As Black History Month UK begins, the president of the National Education Union (NEU) is speaking out about the need for Black history to be taught in schools.

Currently, Black history is not a part of the national curriculum, meaning that it is not compulsory to be taught at schools – something that a number of teachers and campaigners have been fighting against for a number of years.

“All young people deserve learning in which they can see themselves represented and reflected properly,” Louise Atkinson, president of the NEU, told The Drop.

Louise Atkinson, NEU president

“The teaching of Black history and Black History Month in schools is so important so that, as a society and in communities, we begin to break down some of the barriers caused by racism.”

Last year Wales became the first UK nation to include the teaching of Black, Asian and minority ethnic histories in their curriculum. But while schools in the rest of the UK have the option to follow suit, few have incorporated Black history into their syllabus.

Recent data collected by The Guardian found that just 11% of GCSE students are studying modules that refer to Black people’s contribution to Britain.

Marcus Ryder MBE, editor of Black British Lives Matter, said: “I sincerely hope that the government recognises that children cannot have a proper understanding of British history if they do not learn about the central role that black people have played.

Marcus Ryder MBE, editor of “British Black Lives Matter”

“From Roman invasions to Anglo Saxon settlements; and from Tudor Britain to the industrial revolution, the history of Britain would be very different without the contribution of black people.” 

Ms Atkinson, who grew up with dual heritage living in North Cumbria, thinks that the racism she experienced as a child was down to a lack of education.

She said: “I don’t think my peers ever meant to be so hurtful, they just didn’t know any better.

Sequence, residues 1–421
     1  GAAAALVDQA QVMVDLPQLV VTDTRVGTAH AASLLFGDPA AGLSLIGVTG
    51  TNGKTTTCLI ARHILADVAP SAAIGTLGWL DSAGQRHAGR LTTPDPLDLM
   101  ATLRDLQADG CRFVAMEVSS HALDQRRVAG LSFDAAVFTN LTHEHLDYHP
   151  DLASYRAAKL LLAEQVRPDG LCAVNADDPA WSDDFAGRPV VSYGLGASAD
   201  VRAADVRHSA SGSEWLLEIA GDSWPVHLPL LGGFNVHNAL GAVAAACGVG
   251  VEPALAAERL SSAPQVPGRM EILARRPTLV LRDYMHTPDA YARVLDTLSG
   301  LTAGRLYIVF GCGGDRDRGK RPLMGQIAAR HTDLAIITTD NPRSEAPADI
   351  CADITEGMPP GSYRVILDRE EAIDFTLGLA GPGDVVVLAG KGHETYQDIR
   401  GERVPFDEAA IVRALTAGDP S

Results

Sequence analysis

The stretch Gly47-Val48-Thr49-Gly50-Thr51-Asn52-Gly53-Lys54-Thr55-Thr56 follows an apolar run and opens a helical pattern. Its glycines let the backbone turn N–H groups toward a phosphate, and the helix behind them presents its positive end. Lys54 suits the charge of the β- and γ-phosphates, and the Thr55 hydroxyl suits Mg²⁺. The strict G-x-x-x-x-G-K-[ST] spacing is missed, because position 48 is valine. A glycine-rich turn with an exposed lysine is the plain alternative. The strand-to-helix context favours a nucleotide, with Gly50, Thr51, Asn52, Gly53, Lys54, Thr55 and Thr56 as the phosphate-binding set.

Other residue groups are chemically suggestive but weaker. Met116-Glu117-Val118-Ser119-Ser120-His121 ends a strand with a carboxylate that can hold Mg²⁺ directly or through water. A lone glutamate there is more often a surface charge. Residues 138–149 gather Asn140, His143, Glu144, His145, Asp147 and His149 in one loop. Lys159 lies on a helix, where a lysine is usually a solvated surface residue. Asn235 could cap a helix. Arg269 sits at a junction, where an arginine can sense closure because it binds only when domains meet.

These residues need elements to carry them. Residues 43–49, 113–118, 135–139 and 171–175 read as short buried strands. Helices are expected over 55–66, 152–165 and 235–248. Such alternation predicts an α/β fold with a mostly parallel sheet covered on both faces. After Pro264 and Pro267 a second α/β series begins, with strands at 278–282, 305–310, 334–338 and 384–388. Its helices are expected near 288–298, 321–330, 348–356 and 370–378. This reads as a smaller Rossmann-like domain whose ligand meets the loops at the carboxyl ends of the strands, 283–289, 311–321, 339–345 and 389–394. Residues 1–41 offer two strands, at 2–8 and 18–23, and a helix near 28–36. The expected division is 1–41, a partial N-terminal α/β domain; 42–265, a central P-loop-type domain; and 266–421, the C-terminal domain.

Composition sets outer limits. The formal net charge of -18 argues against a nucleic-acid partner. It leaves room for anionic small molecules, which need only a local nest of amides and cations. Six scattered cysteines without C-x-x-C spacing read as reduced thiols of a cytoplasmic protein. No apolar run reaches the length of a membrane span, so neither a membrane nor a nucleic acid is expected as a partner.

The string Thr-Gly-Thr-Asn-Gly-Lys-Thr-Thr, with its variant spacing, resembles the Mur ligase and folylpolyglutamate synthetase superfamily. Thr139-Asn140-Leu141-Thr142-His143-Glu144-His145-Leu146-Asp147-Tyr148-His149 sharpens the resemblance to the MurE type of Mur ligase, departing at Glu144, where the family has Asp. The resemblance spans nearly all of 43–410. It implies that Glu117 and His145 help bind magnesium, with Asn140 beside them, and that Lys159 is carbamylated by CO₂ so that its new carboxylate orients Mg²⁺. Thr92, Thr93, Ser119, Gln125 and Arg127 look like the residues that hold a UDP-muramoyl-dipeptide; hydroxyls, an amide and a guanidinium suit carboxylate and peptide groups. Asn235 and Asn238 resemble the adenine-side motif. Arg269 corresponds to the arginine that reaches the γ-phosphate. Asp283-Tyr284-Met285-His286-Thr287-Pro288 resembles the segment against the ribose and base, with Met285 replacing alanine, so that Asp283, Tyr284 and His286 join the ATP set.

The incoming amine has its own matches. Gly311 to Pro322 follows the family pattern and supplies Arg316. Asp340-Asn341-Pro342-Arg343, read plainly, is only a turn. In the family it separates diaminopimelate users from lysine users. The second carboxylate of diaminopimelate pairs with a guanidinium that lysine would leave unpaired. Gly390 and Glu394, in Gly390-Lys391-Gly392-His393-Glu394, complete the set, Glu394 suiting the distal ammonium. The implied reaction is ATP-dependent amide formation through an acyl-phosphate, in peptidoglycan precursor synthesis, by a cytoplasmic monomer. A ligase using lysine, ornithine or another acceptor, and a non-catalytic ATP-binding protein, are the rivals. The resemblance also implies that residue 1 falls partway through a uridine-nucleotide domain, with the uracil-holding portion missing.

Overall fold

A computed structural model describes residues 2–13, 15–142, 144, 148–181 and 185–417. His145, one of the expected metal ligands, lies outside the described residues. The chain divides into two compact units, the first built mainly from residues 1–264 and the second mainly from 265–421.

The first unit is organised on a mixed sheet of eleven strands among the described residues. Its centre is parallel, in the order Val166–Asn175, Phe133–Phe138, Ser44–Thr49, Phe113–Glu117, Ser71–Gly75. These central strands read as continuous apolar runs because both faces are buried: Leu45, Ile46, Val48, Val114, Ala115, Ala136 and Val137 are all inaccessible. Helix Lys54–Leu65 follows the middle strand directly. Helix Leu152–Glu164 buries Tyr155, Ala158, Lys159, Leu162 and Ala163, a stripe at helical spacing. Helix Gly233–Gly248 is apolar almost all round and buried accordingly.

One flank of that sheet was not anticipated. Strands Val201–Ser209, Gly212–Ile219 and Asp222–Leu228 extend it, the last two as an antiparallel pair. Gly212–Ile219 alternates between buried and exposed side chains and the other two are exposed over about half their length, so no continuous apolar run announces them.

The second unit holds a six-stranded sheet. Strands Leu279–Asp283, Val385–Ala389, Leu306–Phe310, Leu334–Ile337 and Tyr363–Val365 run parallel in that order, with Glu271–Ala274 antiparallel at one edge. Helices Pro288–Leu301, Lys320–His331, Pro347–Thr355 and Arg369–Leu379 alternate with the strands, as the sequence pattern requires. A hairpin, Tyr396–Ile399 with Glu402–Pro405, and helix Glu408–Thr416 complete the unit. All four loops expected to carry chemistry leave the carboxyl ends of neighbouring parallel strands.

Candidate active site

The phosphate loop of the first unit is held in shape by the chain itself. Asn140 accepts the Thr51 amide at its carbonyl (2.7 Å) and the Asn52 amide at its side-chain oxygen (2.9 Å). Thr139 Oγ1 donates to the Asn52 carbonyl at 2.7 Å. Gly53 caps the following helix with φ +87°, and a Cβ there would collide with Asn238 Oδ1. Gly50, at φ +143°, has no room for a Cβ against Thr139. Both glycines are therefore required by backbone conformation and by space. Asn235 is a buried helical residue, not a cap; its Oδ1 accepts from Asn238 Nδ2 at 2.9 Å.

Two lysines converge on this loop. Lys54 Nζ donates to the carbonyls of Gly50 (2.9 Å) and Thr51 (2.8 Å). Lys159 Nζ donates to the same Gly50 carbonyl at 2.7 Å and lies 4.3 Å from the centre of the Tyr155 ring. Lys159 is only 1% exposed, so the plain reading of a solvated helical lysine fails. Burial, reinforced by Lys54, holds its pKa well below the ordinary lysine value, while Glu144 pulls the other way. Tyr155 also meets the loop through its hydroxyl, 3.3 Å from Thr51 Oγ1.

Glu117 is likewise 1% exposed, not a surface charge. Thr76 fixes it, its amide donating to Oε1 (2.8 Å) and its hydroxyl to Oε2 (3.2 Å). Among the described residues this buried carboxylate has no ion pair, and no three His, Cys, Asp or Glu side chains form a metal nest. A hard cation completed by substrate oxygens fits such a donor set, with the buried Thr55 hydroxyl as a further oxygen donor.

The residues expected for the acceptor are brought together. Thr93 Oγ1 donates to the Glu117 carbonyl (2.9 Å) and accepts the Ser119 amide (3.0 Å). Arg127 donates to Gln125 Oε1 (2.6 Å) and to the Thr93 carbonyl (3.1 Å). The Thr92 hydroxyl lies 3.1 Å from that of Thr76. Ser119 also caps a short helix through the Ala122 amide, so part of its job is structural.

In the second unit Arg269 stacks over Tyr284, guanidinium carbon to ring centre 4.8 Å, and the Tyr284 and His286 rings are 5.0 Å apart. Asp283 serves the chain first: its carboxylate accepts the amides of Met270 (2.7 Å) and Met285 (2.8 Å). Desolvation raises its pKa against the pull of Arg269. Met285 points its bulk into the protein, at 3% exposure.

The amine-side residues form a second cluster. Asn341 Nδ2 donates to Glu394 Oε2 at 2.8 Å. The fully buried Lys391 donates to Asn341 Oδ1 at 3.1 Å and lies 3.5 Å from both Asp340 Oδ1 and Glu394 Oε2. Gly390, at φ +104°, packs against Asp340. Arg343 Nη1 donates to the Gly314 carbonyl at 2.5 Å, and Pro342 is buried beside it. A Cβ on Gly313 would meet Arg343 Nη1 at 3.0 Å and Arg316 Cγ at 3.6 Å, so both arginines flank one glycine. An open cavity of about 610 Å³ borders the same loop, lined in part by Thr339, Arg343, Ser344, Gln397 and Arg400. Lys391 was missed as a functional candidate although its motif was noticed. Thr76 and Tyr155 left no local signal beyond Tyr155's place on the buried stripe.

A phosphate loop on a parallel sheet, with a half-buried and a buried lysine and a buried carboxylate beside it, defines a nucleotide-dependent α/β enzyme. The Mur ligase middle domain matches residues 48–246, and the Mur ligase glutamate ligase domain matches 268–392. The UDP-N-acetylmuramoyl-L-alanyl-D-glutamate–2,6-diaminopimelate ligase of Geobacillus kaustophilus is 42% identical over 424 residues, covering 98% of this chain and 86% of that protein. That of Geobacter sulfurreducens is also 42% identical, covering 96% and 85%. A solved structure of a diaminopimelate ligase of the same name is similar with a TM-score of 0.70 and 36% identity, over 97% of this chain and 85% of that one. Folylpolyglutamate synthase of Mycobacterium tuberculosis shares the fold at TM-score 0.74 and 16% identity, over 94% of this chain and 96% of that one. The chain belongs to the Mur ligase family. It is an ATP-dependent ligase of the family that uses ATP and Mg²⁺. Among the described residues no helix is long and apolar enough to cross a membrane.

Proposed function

“Across the country there are fabulous teachers and support staff doing excellent work on black history month but currently that depends on the students or individual staff or schools having a particular interest in the teaching of black history.  We need to make sure that all children and young people, no matter where they are educated, get the broad and balanced curriculum that they deserve.”

The organisation International Black History Month UK (IBHM-UK) has run many campaigns to teach young people about the history of the African and African Caribbean community in the UK.

Maya Bello-Taylor, the Events Manager for IBHM-UK, said: “Neither my primary or secondary schools celebrated Black History Month UK and I had to learn about UK Black History myself. So I think it’s important that an organisation like this exists to fill the gaps in knowledge that many people  in the UK’s African and African Caribbean community may have about Britain’s black past. 

International Black History Month UK encourages African and Caribbean people to learn together about their shared history and to share this with the wider UK population.

“This month allows us all to reflect and celebrate the individuals that opened the doors to the opportunities that me and the rest of my generation now have. But the battle isn’t over yet.

“I know from some of my friends that BHMUK wasn’t a positive experience at school because of the lack of teaching materials and almost obsessive focus on African American events and personalities. We only focus on UK Black history and I’ve learnt so much whilst working on the BHMUK campaigns. I was surprised to learn about African presence in Roman and Tudor Britain. It’s been really illuminating.”

You can learn more about Black history in the UK here: